Glossary of terms

This list shows English words in Alphabetical order, followed by Japanese words and then Japanese pronunciation, where a hyphen indicates a long vowel, the vowels are usually of equal length and stress, and they more or less sound like those in bat, tiff, foot, ten and not.

A​r​gon​ アルゴン [arugon]​​: An inert gas used in multi-pane windows. It insulates around 50% ​better than air.

Astroturf movements​ 人工芝運動: Groups paid for by large corporations to appear to be grass-roots organisations, often supporting their projects or fighting against regulation. A victory of capitalism over morality!

​Cellulose insulation セルロースファイバー [seruro-zu faiba-]: Fibre-based insulation made from wood fibres, sometimes loose and blowable, and sometimes pressed together and bonded with its own resins. (Not universally acclaimed.)

Eco​ エコ​​:​ see green 

EPS​ 発泡スチロール [happo- suchiro-ru]​​: Expanded polystyrene. Low-cost foam-based insulation material.​ Being foam-based it does not allow much air or water vapour to pass through. When installed it is important to avoid gaps, which can halve the performance. If used within a wooden structure in earthquake prone areas, it's possible that gaps will appear after quakes. Don't confuse with XPS​, which is much stronger, although can retain more moisture.​

​Fibre​glass​ グラスウール​​ [gurasu u-ru]: Low ​cost fibre-based insulation material. Being fibre-based the insulation performance comes from air trapped between the fibres, which can move allowing water vapour through. A vapour barrier is therefore necessary to keep the building airtight. Not particularly pleasant to handle, but once installed there are no health risks until the building is butchered or demolished.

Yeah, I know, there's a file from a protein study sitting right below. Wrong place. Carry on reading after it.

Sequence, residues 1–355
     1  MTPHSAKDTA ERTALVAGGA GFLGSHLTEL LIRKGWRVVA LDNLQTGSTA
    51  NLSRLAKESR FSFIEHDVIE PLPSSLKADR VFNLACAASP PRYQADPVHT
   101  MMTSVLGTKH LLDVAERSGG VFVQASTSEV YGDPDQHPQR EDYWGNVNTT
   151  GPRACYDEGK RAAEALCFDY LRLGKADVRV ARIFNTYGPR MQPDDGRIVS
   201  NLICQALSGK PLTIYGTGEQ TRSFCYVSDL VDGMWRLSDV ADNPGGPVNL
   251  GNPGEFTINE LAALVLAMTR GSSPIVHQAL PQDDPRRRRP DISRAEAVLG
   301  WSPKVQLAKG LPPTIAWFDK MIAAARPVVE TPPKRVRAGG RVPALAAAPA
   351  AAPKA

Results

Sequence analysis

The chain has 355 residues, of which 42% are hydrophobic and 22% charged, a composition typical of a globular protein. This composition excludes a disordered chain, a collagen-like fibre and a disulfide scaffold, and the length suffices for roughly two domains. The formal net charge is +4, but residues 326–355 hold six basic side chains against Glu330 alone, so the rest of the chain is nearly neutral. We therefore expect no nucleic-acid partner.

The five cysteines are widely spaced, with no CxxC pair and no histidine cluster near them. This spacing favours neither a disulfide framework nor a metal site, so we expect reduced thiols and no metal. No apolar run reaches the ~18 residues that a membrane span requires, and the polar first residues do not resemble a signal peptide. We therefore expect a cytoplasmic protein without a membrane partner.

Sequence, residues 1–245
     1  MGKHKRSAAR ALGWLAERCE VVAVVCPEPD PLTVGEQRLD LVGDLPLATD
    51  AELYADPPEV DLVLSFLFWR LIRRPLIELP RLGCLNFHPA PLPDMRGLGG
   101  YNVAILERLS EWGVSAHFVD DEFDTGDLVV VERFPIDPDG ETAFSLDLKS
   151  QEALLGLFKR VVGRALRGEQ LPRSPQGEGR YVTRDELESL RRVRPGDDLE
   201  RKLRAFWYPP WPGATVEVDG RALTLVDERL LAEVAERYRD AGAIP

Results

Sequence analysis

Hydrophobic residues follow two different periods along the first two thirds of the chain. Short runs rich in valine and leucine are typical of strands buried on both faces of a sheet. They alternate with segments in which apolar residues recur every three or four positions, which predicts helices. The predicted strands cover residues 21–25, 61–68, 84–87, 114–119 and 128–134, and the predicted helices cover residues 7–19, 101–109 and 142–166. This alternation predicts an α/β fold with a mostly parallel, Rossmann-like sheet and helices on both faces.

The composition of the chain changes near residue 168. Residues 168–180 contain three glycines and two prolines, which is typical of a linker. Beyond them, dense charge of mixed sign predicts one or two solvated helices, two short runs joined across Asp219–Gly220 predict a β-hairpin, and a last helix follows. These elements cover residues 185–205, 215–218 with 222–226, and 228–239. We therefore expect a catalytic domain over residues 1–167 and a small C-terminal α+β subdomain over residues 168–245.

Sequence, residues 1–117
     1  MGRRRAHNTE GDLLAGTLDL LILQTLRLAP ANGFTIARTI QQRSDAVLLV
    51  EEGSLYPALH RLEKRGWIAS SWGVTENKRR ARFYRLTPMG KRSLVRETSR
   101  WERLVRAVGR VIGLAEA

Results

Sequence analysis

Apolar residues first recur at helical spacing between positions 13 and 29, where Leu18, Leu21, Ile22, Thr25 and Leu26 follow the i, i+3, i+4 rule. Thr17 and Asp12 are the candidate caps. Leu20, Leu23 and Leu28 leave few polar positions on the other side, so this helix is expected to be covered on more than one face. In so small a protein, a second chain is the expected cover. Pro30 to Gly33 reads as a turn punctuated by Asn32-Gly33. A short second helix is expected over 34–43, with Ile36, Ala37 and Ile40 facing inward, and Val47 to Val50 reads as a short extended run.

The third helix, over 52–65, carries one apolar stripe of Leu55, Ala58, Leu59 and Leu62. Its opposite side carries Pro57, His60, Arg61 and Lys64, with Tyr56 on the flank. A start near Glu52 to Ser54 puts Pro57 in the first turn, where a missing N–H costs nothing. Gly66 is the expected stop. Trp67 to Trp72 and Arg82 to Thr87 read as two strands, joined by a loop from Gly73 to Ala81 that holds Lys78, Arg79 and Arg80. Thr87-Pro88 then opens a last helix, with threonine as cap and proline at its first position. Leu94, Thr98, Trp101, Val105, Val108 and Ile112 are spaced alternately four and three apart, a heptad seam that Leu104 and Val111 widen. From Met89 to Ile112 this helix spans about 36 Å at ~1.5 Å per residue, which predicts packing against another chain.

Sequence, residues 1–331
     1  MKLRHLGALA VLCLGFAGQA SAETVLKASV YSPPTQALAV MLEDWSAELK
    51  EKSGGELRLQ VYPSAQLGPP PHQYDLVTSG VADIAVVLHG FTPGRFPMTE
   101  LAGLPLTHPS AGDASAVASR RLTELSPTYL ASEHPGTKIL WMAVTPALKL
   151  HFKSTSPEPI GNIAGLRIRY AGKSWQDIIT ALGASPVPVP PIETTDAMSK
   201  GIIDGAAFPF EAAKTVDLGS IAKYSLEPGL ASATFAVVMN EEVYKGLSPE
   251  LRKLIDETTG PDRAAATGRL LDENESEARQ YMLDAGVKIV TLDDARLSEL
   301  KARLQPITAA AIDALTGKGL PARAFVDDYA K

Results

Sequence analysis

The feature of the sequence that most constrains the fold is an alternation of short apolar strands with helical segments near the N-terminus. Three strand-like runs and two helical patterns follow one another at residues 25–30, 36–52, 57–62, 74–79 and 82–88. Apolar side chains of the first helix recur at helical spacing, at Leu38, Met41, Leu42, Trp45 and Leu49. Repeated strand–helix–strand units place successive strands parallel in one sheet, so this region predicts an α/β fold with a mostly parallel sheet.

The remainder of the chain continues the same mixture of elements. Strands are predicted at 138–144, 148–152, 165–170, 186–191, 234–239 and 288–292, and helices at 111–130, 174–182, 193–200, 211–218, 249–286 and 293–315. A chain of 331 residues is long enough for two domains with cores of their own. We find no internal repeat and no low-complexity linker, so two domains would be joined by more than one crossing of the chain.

Flashing: 雨押さえ [ame osae]: Strip of metal or other material used to waterproof a roof intersection. Ideally roofs should be designed so that flashing is not necessary since flashing will at some point lead to leaking. Intricate roof designs and chimneys make them inevitable. Valleys in roofs need them and are often invitations for leaves and other crap to collect. Water should be allowed to follow gravity, ideally with ridges, and roof eaves extending over walls. Roofs extending from walls is a less good idea, and roofs sloping into walls is a bad idea. 

Green​ グリーン​​:​ see eco

Green bling (derogatory and somewhat archaic)​: Devices, fittings and coverings that can be added to building to make them "green". According to an arbitrary calculation, 90% of the ​building's environmental performance depends on invisible elements integrated into the structure and integral to the conceptual design. The effect of green bling is often like ordering a salad with your steak in the interest of becoming vegetarian. 

Green wash​ing グリーンウォッシング​​: Portraying ​products, processes and activities as environmentally friendly without making any fundamental exchanges except in the advertising copy. (See
Kazoo blow​er​​ カズーブローアー(告発を不正にする者): ​Person who creat​es​ a lot of noise that will support the status quo and drown out ​voices of concern or dissent. (cf whistle blowing; see also astroturf)

Krypton​ クリプトン [kuriputon]​​: Another inert gas used in multi-pane windows. ​This is another 50% better at insulating than argon, and allows windows to be much thinner while reaching high performance. Since the frames will also be thinner, and frames and their thermal bridges lose the most heat in window installations, making window panes thinner may not be such a high priority. 

Low-e​ ​低E [tei i-]: A coating applied to internal window faces which has low emissivity. This reflects low-frequency back into the building, and improves the performance of windows.